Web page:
SOFIA (Reuters) - Bulgaria’s Prime Minister Boiko Borisov is set to tighten his grip on power in the European Union’s poorest member in presidential and local elections on Sunday, after a campaign marred by protests and violence.
Results will probably show the popularity of Borisov’s GERB party has fallen since it took power in 2009 as the campaign highlighted its struggle to address unemployment, graft and the fragile position of ethnic minorities.
Rallies against Roma and corruption rocked Bulgaria’s cities last month and a bomb last week blew up the car of a popular journalist, coinciding with a visit of European Commission President Jose Manuel Barroso to Sofia.
But this is unlikely to have a significant impact on the final outcome and opinion polls show Borisov’s close ally Rosen Plevneliev is favourite to win the vote to become president, a largely ceremonial role.
Any unhappiness with GERB has so far not translated into support for the nationalist Attack party, which came second in the 2006 presidential race, but is now languishing on just 4 percent in polls.
“GERB has decided to use Plevneliev’s momentum and gain control over the presidential institution,” said Ivan Kotev, an analyst at consultancy Candole. “Overall, GERB is quietly gaining complete dominance over the entire political system.”
Borisov captured the imagination of many Bulgarians with his brash style and zeal for action, polling nearly 40 percent in 2009 on a reformist ticket and pledges to smash organised crime and widespread corruption.
His centre-right GERB party still tops polls, even though he has failed to deliver on many of those promises, and these elections are effectively a referendum on Borisov’s performance. Results will also indicate whether the opposition Socialists have found their feet again after their crushing defeat in 2009.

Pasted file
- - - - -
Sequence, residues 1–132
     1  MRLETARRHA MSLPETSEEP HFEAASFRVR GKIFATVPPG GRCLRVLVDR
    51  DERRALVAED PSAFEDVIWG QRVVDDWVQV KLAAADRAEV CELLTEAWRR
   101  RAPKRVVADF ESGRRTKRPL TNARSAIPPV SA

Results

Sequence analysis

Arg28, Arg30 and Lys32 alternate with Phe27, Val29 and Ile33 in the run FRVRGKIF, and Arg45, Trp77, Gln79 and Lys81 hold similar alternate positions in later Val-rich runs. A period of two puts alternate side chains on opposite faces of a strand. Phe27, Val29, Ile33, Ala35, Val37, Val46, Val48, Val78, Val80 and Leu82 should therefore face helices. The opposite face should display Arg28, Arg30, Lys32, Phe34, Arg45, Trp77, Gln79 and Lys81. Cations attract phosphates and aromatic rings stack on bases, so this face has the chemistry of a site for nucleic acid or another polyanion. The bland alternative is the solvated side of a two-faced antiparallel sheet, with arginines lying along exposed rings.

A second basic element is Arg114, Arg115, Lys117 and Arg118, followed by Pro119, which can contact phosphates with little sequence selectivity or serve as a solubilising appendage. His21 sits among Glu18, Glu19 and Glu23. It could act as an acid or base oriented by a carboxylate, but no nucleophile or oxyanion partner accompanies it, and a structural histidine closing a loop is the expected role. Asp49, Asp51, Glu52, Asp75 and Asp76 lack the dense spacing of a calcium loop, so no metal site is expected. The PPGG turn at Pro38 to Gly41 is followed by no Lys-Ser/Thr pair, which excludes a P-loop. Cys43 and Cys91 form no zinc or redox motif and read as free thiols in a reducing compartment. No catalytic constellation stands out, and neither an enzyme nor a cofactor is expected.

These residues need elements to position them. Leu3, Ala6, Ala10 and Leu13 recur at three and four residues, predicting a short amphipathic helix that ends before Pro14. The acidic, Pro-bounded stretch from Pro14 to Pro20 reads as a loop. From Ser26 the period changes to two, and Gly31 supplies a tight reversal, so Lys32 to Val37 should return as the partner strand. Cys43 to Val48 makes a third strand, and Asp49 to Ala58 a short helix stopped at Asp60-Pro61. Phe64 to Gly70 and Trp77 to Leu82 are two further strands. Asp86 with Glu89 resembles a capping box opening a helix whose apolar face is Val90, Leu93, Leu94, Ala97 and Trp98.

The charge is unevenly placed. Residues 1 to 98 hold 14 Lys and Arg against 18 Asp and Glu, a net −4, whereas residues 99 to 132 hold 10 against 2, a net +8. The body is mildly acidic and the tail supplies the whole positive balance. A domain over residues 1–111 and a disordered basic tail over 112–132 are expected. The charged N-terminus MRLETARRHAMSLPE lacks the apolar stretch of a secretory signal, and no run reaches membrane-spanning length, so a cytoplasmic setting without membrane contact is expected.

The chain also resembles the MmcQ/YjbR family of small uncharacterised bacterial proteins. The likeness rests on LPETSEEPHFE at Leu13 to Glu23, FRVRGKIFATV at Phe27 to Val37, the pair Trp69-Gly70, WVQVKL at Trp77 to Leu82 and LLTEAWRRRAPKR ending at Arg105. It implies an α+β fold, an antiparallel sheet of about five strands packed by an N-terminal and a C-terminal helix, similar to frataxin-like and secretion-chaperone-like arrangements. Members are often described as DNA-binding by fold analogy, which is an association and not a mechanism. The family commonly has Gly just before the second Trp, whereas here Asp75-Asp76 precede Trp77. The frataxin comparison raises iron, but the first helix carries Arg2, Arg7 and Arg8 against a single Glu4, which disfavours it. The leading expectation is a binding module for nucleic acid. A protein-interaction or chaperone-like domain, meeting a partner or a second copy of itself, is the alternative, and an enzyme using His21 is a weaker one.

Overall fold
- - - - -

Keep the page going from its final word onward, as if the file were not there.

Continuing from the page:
A win for Plevneliev -- more popular personally than Borisov thanks to his road-building schemes in his prior role as construction minister -- would deny the opposition Socialists a high profile platform. The outgoing president, Georgi Parvanov, is a Socialist.
It could give Borisov the confidence to push ahead with more reforms to put Bulgaria on a path to catch up with the rest of the EU, but analysts say he is more likely to sit tight, avoid alienating too many voters and cling on to power with reduced support in a 2013 parliamentary election.
He may be helped by economic recovery, though expected growth below 3 percent does little to narrow the gap to western Europe or even other former communist states like Poland and the Czech Republic.
If no candidate polls more than 50 percent on Sunday, there will be a run-off on October 30 between the top two, probably Plevneliev and former foreign minister Ivailo Kalfin, nominated by the Socialists.
Former EU Commissioner Meglena Kuneva, an independent who is expected to gain support from voters dissatisfied with the political establishment, is in third place.
Borisov’s main achievement is a large-scale programme to upgrade the country’s worn out roads and rail links which inspired GERB’s campaign slogan, “We are Building Bulgaria.”
Construction works have failed to quicken economic recovery, however, and delays in overhauling the inefficient state services like healthcare and public administration will limit potential growth in coming years.
Another potential problem is exposure to debt-laden Greece, whose banks control nearly 30 percent of Bulgaria’s banking system.
“There are great many ripe, unsolved problems which will start going off like time bombs,” said Boryana Dimitrova from polling agency Alpha Research.
Analysts doubt Borisov will undertake the promised sweeping reforms even if his GERB party scores a big win, and will instead focus on sustaining tight fiscal discipline -- which wins plenty of praise abroad but does little to improve the lot of Bulgarians, who have an average wage of 350 euros a month.
“Most probably GERB will carry on with what it has been doing so far ... trying to preserve the budget and country’s overall state in survival mode in times of economic crisis,” said Marchela Abrasheva of Gallup International.
Such policies will hardly help Bulgaria get rid of the “EU’s poorest” tag but unless there is a drastic change for the worse, Borisov’s approach may yet make him the first leader to win a second consecutive term since the fall of communism in 1989.
Additional reporting by Sam Cage in Bucharest; Editing by Matthew Jones